Shanghai is ready with its new domestic garbage-sorting regulations, effective from July 1.
From residential communities and enterprises to public areas, the awareness of garbage sorting is at an all-time-high among residents.
Garbage sorting has become the hottest topic in locals' daily chats. It is a "lesson" that all people in Shanghai are taking. The regulations approved in January by city legislators classifies garbage into four categories — wet, recyclable, harmful garbage and the rest, which is called dry waste or residual waste.
If residents are not clear whether a kind of garbage is wet, dry or recyclable, they can treat it as dry garbage, the legislation commission of Shanghai People's Congress said June 30.
The commission explained that wet garbage requires as precise sorting as possible to enable it to be made into useful biological substances or disposed without harming the environment, and residents are encouraged to sort out recyclable garbage as all dry garbage will be mainly burnt up in disposal.
People in Shanghai can be fined up to 200 yuan ($29.13) if they fail to sort garbage properly and refuse to fix the problem. Enterprises can be fined up to 5,000 yuan for failing to have the right trash bins in place, and up to 50,000 yuan for failure to sort waste if they refuse to rectify their mistakes.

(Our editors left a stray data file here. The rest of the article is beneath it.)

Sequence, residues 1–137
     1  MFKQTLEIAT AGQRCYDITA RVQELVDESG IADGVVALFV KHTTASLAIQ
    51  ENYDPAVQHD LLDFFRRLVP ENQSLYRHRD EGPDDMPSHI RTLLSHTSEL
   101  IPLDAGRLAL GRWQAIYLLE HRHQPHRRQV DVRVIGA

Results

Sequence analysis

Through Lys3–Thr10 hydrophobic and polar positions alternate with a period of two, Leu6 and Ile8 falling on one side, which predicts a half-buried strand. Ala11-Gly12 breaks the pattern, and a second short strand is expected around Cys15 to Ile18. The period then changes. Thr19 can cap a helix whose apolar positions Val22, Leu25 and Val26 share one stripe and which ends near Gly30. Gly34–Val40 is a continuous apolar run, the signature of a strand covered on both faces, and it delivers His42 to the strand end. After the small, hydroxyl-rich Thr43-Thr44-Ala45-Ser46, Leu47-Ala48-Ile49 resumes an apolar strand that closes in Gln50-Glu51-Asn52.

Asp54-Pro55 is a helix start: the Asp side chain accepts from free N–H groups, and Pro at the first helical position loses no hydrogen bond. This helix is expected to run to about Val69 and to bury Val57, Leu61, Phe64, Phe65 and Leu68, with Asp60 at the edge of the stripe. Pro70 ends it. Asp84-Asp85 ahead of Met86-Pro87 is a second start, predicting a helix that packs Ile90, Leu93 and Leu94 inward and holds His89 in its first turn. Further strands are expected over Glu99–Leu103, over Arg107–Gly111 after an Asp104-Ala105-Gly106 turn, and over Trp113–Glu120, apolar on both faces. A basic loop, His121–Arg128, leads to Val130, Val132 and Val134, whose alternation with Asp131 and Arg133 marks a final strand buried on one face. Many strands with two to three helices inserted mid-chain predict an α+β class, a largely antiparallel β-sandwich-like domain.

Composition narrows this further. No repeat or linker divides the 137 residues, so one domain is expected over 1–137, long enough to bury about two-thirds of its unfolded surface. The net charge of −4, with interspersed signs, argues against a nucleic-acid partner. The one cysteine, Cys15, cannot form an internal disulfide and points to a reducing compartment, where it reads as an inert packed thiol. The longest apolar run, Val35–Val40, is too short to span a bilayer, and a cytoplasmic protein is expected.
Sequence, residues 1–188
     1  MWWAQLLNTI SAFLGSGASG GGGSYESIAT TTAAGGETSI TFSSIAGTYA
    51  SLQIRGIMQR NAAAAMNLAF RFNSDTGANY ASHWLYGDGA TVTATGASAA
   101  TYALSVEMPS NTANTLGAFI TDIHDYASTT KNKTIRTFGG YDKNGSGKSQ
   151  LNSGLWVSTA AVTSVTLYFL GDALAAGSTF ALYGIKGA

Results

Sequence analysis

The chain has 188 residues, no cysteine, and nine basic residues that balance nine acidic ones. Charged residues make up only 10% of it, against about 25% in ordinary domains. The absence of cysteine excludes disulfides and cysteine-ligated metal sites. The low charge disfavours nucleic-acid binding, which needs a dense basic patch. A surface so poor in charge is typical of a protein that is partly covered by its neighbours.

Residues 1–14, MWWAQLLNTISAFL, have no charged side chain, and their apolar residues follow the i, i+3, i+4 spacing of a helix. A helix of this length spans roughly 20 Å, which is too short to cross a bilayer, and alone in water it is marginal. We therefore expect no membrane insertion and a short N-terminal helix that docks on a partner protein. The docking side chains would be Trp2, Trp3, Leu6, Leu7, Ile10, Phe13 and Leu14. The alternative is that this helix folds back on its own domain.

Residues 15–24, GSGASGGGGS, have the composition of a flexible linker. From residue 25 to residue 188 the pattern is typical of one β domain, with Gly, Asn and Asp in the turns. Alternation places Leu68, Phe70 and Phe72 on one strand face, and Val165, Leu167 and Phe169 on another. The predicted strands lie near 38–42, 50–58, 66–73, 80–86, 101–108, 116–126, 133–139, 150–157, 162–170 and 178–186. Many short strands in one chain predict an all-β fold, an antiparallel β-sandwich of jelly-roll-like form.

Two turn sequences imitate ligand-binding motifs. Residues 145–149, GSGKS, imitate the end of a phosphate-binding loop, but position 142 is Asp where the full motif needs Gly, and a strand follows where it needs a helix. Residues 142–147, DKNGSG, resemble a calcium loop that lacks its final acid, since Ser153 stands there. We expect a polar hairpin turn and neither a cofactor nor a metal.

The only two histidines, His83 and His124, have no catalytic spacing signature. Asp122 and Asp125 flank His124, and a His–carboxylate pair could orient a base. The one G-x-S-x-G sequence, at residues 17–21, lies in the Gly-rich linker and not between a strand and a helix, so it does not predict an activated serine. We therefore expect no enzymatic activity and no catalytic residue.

Today, the city's urban management and law enforcement authorities, together with tourism authorities and market watchdogs, will visit residential communities, shopping malls, wet markets, tourist attractions, restaurants and hotels for feedback and suggestions.
"I have bought and prepared four garbage bins at home, and I bring well-sorted garbage to the dumping spot in the morning, at lunchtime and at night," said Fan Meiling, a resident of the Aibo No. 5 residential complex in Minhang District, which has more than 2,000 households.
Garbage-sorting facilities were in place at the complex one and a half months ago.
"I have been used to garbage sorting with knowledge acquired from promotional materials and television programs," said Fan. "I know each type of garbage clearly, and carefully sort napkins out from food trash as it is dry."
The complex has nearly 200 volunteers to assist in garbage sorting.
It has several intelligent garbage collection machines which allow residents to dump garbage with a simple click and the doors of corresponding garbage boxes up. The machines will also alarm workers automatically once any box gets full.
A total of 13,000 garbage-dumping spots at residential complexes have been upgraded, accounting for 75 percent of all communities.
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